Nicholas French

Life
1604-1678; b. Wexford, ed. Louvain; returned to Wexford as parish priest; compiled a philosophy course in manuscript as Dicta physicalia et metaphysicalia (1630); Bishop of Ferns, 1643 [var. 1645], elected to represent Wexford borough at Confederation of Kilkenny, 1645; accepted the Viceroy Duke of Ormond’s peace proposals in opposition to Rinuccini, 1648; revoked his opinion and subsequently issued The Unkinde Deserter or Royall Men & True Friends (Brussels 1652), accusing Ormonde of causing the failure of Lorraine’s interest on behalf of Catholics; travelled to Rome to seek assistance from Innocent X for the Confederation; made unsuccessful mission to Brussels to treat with Duke Charles IV of Lorraine; appt. coadjudicator of Archbishop of Santiago de Compostella, 1652-66; afterwards to Archbishop of Paris and to Archbishop of Ghent; issed The dolefull fall of Andrew Sall on the apostate; Narrative of the Earl of Clarendon’s Settlement and Sale of Ireland (1668); President of Louvain in 1670; The Settlement and Sale of Ireland (Louvain 1668); also issued The Bleeding Iphigenia (Louvain 1674), repudiating claims brought against Irish Catholics in reign of Charles I; d. Ghent. CAB DIW ODNB

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Commentary
W. B. Stanford, Ireland and the Classical Tradition (1984), Nicholas French, bishop of Ferns, in exile, published The Bleeding Iphigenia (Louvain 1674), a vigorous plea for the Catholic cause; his reasons for the title as follows, ‘the picture of Iphigenia (one of the rarest peeces of antiquity) going to be sacrifised for appeasing the anger of Diane, offended with her Father Agamemnon for killing a stagg consecrated to the Goddess, made Timanthes the Author thereof very famous. He placed in lively cullors, round about this fair Princes [sic], her Kinsmen, Fri[e]nds, Allyes, and suite in great Consternation, all drown’d in lamentations and tears; but the gallant Lady (nothing in nature appear’d more comely) smiled, bearing in her countenance a Majesty, and contempt of death, soe charming was the art of this picture, that few could view it without teares. / Courteous reader, the Author of this Preface hath drawne another Iphigenia of the body of a noble, ancient Catholic Nation, cla’d all in redd Robes, not to bee now offered up as a victim; but already sacrific’d, not to a profane Deity, but to the living God for holy Religion, look but on this our bleeding Iphigenia, and I dare say you will lament her Tragedy.’ Thus French appealed not in terms of Christian or Gaelic imagery - Dark Rosaleen or Cathleen Ní Houlihan - but in terms of the classical language of polite culture in the continental Renaissance, detached from sectarian loyalties, since all condemned her suffering as unjust, as met with in the accounts by Aeschylus, Euripides, and Ovid. [~205] ALSO, In another work, The Unkinde Deserter (1676), French attacked the Duke of Ormonde, citing figures such as Cincinnatus, Epaminondas, Phocion, Socrates, and Cato. [20]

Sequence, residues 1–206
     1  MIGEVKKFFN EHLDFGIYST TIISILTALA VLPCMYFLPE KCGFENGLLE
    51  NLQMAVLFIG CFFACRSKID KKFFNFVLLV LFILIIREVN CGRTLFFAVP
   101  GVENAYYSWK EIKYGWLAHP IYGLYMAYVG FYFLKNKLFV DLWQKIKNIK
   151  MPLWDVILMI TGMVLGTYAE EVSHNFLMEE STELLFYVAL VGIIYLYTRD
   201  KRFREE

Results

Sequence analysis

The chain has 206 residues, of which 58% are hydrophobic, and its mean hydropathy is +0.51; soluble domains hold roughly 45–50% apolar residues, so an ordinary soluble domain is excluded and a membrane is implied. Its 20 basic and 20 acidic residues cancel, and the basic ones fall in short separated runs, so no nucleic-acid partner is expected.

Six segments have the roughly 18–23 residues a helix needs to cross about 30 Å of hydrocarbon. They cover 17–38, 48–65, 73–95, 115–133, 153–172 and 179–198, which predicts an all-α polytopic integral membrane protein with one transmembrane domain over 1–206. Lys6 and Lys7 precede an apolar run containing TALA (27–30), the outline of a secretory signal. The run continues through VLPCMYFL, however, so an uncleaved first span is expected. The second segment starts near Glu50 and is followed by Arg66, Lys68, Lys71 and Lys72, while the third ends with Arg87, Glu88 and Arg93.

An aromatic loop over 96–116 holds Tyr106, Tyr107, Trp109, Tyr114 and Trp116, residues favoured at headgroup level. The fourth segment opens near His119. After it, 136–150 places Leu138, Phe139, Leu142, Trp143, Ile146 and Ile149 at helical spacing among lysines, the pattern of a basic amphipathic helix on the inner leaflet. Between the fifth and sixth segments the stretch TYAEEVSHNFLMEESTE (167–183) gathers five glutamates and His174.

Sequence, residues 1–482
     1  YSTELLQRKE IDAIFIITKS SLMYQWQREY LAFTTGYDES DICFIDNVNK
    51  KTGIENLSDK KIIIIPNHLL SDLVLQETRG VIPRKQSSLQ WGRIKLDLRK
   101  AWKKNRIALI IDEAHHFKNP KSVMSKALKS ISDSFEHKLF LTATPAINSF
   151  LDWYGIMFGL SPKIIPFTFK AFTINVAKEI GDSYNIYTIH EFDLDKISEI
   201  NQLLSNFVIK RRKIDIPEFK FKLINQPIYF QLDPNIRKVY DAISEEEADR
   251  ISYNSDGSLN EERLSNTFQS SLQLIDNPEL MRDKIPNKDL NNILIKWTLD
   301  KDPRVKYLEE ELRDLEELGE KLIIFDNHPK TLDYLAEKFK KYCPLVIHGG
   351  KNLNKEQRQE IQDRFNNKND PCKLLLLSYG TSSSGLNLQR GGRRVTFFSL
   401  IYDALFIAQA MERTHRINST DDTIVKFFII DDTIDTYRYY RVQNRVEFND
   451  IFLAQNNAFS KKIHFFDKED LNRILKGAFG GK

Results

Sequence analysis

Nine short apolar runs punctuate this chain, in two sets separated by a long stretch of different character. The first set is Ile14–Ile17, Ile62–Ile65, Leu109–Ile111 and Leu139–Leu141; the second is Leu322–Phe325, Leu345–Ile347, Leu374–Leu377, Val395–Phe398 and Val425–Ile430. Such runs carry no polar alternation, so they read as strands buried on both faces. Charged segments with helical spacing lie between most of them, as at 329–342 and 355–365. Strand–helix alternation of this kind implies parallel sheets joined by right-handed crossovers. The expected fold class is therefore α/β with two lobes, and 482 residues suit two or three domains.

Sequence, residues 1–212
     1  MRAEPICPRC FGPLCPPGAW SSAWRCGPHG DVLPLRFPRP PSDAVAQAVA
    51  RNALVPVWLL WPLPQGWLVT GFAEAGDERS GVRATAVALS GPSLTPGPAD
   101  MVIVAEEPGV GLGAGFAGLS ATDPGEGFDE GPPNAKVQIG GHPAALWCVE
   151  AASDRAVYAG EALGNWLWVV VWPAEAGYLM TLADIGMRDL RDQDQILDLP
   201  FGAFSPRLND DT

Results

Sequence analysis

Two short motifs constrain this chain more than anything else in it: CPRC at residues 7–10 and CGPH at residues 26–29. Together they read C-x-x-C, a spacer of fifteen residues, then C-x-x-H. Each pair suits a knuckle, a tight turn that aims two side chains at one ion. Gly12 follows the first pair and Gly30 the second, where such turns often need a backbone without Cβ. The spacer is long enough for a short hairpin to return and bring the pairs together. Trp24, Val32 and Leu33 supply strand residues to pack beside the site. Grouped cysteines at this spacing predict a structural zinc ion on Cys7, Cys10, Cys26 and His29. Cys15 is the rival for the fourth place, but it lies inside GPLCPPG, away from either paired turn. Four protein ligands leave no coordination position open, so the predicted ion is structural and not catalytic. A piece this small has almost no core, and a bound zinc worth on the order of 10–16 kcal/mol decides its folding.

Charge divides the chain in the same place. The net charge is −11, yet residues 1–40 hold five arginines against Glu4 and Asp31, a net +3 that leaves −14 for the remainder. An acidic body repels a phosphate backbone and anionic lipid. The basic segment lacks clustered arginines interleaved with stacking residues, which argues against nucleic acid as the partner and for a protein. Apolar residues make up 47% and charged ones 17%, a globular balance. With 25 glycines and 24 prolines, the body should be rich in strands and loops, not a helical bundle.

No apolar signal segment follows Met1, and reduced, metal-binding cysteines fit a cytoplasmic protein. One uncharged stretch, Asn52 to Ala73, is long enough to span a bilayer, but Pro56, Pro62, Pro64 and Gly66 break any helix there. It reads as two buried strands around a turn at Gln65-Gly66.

Letters of Charles O’Connor, ed. Ward and Ward (1988), on Iphigenia, ‘The author was Titular Bishop of Ferns in the unfortunate reign of Charles I and rendered himself odious to the Confederate Catholics through his close connection with the Nuncio Rinuccini, whose conduct here was condemned by the Pope himself. The bishop, a man of poor abilities, undertook the defense of this nuncio’s ruinous measures, as well as the bigotted party who joined him, and at this day his memoiry would be lost with his book among mankind if the marquis of Ormond and my Lord Clarendon had not preserved the memory of both by descending so low as to take notice of him.’ (p.72.)

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References
University of Ulster Library, Morris Collection holds The Historical Works of the Rt. Rev. Nicholas French, Bishop of Ferns, 2 vols. in 1 (Duffy 1846).

Dicta physicalia et metaphysicalia (1630), MS 463 fols. [‘Walter Jones 1650’ signed on title page], Marsh’s Library; in three headings, Physics, Logic, and Metaphysics; includes inquiry into existence of God and nature of ignis fatuus; bound in brown calf, with inscription tooled in gilt: Nicholas Frensh. Wexfordiensis ... 1630’; also The dolefull fall of Andrew Sall ([Louvain?] Superiorum permissu 1674), 8o [Wing F2178; Walsh 249]. .

Dictionary of National Biography: 1606-1678; bishop of Ferns, 1646; missions to Rome, Brussels, and Paris; coadjudicator to archbishop of Santiago de Compostella, 1652-66, Paris, and the bishop of Ghent, where he died; Narrative of the Earl of Clarendon’s Settlement and Sale of Ireland (1668) and other rare tracts.

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